United We Stand: Emphasizing Commonalities Across Cognitive-Behavioral Therapies

Hunter College and the Graduate Center, City University of New York. Electronic address: .
Behavior Therapy (Impact Factor: 3.69). 04/2013; 44(2). DOI: 10.1016/j.beth.2013.02.004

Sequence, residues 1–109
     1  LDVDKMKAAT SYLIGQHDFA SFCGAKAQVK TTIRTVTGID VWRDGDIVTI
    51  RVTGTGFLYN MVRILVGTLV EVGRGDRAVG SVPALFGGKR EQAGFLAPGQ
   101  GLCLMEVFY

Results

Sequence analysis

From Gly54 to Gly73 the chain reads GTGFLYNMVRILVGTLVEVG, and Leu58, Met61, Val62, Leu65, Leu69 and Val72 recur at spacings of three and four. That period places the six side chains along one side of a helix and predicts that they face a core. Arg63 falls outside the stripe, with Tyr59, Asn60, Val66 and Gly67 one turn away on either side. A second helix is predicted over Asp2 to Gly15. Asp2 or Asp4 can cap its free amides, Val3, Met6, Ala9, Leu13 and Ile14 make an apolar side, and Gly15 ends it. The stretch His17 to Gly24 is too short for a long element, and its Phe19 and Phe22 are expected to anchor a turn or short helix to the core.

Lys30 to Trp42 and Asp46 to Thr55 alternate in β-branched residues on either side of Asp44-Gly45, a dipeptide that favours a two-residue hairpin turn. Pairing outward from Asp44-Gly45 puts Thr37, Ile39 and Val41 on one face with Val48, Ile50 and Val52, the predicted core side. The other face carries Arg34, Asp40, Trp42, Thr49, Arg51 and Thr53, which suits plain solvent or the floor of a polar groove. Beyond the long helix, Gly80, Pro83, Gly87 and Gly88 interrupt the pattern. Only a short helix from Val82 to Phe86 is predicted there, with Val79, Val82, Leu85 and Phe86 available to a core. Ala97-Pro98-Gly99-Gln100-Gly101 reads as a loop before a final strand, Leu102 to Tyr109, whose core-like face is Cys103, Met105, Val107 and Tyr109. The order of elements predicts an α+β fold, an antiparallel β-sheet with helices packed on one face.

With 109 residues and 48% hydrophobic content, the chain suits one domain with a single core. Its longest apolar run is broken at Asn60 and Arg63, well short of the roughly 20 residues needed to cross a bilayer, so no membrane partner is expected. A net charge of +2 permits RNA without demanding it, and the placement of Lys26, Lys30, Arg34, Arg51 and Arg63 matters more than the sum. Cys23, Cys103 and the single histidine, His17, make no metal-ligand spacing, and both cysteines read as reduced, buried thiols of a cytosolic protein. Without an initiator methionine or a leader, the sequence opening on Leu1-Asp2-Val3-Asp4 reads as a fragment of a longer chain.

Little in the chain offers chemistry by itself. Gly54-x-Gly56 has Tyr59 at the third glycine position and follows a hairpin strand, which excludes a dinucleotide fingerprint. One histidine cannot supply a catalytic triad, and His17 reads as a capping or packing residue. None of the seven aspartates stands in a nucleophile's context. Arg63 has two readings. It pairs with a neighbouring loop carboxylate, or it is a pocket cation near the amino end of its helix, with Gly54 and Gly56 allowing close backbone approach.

Cognitive behavioral therapy (CBT) has a rich history of alleviating the suffering associated with mental disorders. Recently, there have been exciting new developments, including multicomponent approaches, incorporated alterna-tive therapies (e.g., meditation), targeted and cost-effective technologies, and integrated biological and behavioral frameworks. These field-wide changes have led some to emphasize the differences among variants of CBT. Here, we draw attention to commonalities across cognitive-behavioral therapies, including shared goals, change principles, and therapeutic processes. Specifically, we offer a framework for examining common CBT characteristics that emphasizes behavioral adaptation as a unifying goal and three core change principles, namely (a) context engagement to promote adaptive imagining and enacting of new experiences; (b) attention change to promote adaptive sustaining, shifting, and broadening of attention; and (c) cognitive change to promote adaptive perspective taking on events so as to alter verbal meanings. Further, we argue that specific intervention components, including behavioral exposure/activation, at-tention training, acceptance/tolerance, decentering/defusion, and cognitive reframing, may be emphasized to a greater or lesser degree by different treatment packages but are still fundamentally common therapeutic processes that are present across approaches and are best understood by their relation-ships to these core CBT change principles. We conclude by arguing for shared methodological and design frameworks for investigating unique and common characteristics to advance a unified and strong voice for CBT in a widening, increasingly multimodal and interdisciplinary, intervention science.

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